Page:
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Advocates hope rookie minister acts quickly to tackle a wave of overdose deaths

Ya’ara Saks, Canada’s new minister of mental health and addictions, inherits a complex portfolio and an opioid crisis that has only gotten worse in almost every year since 2016.

Advocates and addictions experts say they would like to see the new minister take a holistic approach to the crisis and act swiftly to champion and expand harm reduction policies.

More than 36,000 people in Canada died of opioid overdoses between 2016 and 2022 — roughly 20 people per day in 2022 alone.

Saks is a relatively new MP — she was elected in a 2020 by-election. She’s taking over a relatively new file that was created in 2021. This is her first ministerial position.

Saks said she was “honoured” to be appointed minister and vowed to tackle the crisis.

“We will use every tool at our disposal to work with our partners to deliver services when and where they are needed to end this crisis,” she said, in a statement to CBC.

Dr. Paxton Bach, an addictions specialist and co-medical director of the B.C. Centre on Substance Use (BCCSU), said he hopes to Saks will be a “strong and outspoken advocate for the type of system change that we need in order to turn the tide.” 

While Bach says some progress has been made, more needs to be done at every level of government.

“Collectively, we are all clearly failing. We are failing because the numbers continue to get worse,” he said. He called on Saks to bring various levels of government and community groups together to address the crisis.

A layout of photos of people on a table.
Pictures of people who died of drug overdoses are displayed during a Moms Stop The Harm memorial on the seventh anniversary of the opioid public health emergency in Vancouver, British Columbia on Friday, April 14, 2023. (Ben Nelms/CBC)

In January, the B.C. government was granted an exemption from Ottawa allowing it to decriminalize the possession of small amounts of drugs for a three-year period. The aim of the pilot project is to reduce drug-related arrests and direct people toward health supports.

The exemption “is a first step, but the fact that you can be criminalized elsewhere in the country … makes no sense to me,” said Janet Butler McPhee, co-executive director of the HIV Legal Network.

Toronto made a similar request to decriminalize simple possession in January 2022; it has yet to be approved. In May, the city revised its request and asked for a model that goes further than the one in B.C.

Saks will now be responsible for overseeing Toronto’s request — and possibly others. A briefing note prepared for the previous minister last year suggests another 55 municipalities have expressed interest in decriminalization.

Butler-McPhee says that while she hopes to see decriminalization extended to other jurisdictions, it’s only one piece of the puzzle.

“We need someone who understands that it’s not going to be just one magic silver bullet,” she said. “It’s a whole suite of things that need to happen and those things need to happen quickly.”

Budget set aside millions to address crisis

Advocates have been pushing for an expansion of harm-reduction projects such as safe supply and supervised consumption sites.

The spring federal budget committed nearly $360 million over the next five years to addressing the opioid crisis — including $144 million for community-led projects such as safe consumption sites and safe supply programs. Another $4.6 million is earmarked for Health Canada to “streamline” the authorization of new safe consumption and drug-checking sites.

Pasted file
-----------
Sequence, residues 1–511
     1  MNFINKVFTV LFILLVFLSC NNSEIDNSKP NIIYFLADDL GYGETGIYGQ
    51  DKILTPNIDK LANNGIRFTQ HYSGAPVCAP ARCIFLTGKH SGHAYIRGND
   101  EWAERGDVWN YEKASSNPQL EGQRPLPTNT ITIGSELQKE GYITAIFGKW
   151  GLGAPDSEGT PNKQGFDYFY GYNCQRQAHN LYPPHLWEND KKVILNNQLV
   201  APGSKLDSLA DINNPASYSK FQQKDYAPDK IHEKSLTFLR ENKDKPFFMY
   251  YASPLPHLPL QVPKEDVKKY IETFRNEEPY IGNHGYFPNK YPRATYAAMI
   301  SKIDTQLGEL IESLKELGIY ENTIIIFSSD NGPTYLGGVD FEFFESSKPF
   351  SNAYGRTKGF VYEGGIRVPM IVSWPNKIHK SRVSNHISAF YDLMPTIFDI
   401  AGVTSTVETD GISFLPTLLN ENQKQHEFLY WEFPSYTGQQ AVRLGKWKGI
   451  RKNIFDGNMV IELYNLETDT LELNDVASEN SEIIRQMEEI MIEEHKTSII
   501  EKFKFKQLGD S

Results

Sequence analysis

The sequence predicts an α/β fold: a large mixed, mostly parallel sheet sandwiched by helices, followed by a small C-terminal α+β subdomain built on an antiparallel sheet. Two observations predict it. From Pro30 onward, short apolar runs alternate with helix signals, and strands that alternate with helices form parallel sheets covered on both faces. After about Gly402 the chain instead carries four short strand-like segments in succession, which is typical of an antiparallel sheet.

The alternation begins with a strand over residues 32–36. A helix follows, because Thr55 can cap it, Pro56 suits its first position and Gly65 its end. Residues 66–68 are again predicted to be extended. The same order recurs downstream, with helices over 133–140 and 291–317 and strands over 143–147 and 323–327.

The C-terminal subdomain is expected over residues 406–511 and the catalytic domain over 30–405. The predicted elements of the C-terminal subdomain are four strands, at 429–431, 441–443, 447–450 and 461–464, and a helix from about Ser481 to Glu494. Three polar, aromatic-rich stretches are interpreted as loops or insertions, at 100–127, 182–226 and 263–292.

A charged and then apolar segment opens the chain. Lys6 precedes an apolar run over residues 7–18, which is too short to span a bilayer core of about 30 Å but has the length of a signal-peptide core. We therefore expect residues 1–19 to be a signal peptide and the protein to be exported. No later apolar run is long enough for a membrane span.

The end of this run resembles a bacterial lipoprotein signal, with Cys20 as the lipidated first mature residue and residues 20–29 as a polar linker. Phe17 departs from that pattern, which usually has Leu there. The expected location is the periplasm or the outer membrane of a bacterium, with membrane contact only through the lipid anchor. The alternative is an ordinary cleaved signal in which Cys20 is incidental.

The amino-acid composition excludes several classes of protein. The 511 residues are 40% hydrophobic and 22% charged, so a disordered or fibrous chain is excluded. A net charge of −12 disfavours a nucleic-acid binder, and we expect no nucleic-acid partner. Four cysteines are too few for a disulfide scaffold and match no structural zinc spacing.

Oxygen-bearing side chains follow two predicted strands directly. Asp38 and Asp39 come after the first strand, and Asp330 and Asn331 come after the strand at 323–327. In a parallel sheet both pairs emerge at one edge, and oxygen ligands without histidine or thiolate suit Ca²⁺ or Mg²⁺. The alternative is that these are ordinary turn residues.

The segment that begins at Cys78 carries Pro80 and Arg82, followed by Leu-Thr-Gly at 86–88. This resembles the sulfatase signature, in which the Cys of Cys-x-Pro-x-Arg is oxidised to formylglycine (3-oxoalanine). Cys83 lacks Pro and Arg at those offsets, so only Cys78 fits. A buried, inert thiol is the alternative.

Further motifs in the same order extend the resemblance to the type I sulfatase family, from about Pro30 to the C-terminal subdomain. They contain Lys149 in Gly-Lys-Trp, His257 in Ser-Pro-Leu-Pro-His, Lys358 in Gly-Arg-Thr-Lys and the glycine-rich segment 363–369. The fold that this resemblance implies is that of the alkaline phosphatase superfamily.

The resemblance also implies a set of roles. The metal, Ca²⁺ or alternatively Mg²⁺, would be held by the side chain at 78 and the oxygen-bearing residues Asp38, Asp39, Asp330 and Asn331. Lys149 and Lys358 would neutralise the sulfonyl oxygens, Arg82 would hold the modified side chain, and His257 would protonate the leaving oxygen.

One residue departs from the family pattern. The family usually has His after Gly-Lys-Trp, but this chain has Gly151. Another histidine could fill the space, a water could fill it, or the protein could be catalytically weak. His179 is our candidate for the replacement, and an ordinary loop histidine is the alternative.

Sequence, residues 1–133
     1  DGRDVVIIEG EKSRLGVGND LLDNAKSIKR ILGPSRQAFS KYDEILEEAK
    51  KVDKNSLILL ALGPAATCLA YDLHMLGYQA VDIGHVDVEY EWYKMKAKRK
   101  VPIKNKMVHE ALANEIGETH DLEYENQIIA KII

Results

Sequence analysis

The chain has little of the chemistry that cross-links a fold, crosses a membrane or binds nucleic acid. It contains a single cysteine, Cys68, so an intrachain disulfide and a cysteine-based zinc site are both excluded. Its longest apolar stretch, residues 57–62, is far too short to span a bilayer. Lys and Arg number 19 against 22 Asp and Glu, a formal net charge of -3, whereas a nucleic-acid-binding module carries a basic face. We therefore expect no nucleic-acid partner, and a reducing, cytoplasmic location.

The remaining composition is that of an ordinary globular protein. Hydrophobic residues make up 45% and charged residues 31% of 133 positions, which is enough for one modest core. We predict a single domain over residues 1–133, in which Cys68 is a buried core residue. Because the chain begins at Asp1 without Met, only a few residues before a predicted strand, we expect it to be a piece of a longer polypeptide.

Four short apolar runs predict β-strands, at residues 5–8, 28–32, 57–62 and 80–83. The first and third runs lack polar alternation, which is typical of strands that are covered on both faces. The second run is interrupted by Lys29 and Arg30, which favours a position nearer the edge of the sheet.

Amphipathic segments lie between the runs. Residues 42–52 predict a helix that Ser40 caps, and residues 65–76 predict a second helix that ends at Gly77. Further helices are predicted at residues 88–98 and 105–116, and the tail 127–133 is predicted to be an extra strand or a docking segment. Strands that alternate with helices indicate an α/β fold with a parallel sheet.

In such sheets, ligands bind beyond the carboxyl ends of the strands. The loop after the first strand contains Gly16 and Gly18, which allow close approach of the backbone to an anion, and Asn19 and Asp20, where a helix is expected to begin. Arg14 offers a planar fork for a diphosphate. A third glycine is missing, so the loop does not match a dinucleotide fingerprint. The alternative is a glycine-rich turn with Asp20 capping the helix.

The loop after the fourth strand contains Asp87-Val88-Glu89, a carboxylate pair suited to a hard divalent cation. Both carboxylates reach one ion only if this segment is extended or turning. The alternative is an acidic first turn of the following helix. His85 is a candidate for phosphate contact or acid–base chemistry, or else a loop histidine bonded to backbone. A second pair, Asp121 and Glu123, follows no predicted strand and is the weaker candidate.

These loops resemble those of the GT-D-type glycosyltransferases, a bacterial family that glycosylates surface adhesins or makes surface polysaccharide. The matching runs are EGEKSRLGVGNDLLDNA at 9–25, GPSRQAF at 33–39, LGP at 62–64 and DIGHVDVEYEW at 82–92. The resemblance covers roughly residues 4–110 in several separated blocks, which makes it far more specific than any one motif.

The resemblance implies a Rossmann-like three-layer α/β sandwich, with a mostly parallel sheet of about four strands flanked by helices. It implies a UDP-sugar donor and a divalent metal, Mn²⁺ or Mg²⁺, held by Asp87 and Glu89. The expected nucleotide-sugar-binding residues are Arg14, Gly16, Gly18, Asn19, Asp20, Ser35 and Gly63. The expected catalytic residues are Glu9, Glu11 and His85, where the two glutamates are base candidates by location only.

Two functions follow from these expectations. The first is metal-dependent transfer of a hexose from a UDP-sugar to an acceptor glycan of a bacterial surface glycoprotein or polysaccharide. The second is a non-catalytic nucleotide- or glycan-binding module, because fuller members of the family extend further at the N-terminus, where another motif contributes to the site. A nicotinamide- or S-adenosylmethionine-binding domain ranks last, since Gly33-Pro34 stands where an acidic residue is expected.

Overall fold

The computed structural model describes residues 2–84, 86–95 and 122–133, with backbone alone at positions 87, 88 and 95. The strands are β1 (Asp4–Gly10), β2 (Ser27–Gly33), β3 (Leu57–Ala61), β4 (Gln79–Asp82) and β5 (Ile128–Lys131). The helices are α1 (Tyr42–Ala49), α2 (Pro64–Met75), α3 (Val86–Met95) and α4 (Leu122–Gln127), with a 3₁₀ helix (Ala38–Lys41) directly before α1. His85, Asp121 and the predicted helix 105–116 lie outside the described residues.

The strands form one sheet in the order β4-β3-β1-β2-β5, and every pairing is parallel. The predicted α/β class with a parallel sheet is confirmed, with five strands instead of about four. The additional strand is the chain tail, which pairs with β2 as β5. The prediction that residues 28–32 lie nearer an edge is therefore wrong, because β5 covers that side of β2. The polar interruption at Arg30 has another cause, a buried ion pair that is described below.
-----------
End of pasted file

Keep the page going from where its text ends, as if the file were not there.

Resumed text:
Safe supply programs are meant to offer people who use drugs an alternative to toxic street products which can be laced with deadly opioids such as fentanyl. Of the more than 7,300 overdose deaths that happened last year, 81 per cent involved fentanyl, according to data from the Public Health Agency of Canada.

A man in a grey suit stands at a podium.
Addictions medicine specialist Dr. Paxton Bach: ‘Collectively, we are all clearly failing.’ (Mike McArthur/CBC)

Guy Felicella, a peer clinical adviser for the BCCSU, says he would like to see new safe supply programs that are less bureaucratic and allow people access without a prescription.

“We can’t prescribe our way out of this crisis,” he said. “We need another pathway outside of the medical system.”

Petra Schulz, co-founder of the advocacy group Moms Stop The Harm, agrees with Felicella.

“We need programs that are outside the medicalized system. So non-medical safe supply through compassion clubs or other models,” she said.

A politician gestures to his left while speaking in a legislature.
Conservative Leader Pierre Poilievre rises during question period on June 16, 2023 in Ottawa. (Adrian Wyld/The Canadian Press)

Saks’s appointment comes as the Conservatives have been attacking the federal Liberals’ response to overdose deaths.

Conservative Leader Pierre Poilievre has claimed safe supply and consumption policies only contribute to the crisis. In May, he put forward a motion calling on the government to halt all programs providing non-toxic drugs to those suffering from addictions and to instead redirect funding to treatment services.

Bach says that while more money should be invested in treatment, it shouldn’t be viewed as a trade-off with harm reduction.

“If we’re having that debate, then we’ve already lost. We’re already off course,” he said.

“We must invest in this entire spectrum of care for people who are using substances. It’s critical. Anything else, any other discussion is a distraction from the system that we need to be building.”

Saks says she intends to work across party lines to address the crisis.

“I firmly believe this issue is non-partisan and I intend to build bridges to help Canadians,” she said in a statement.

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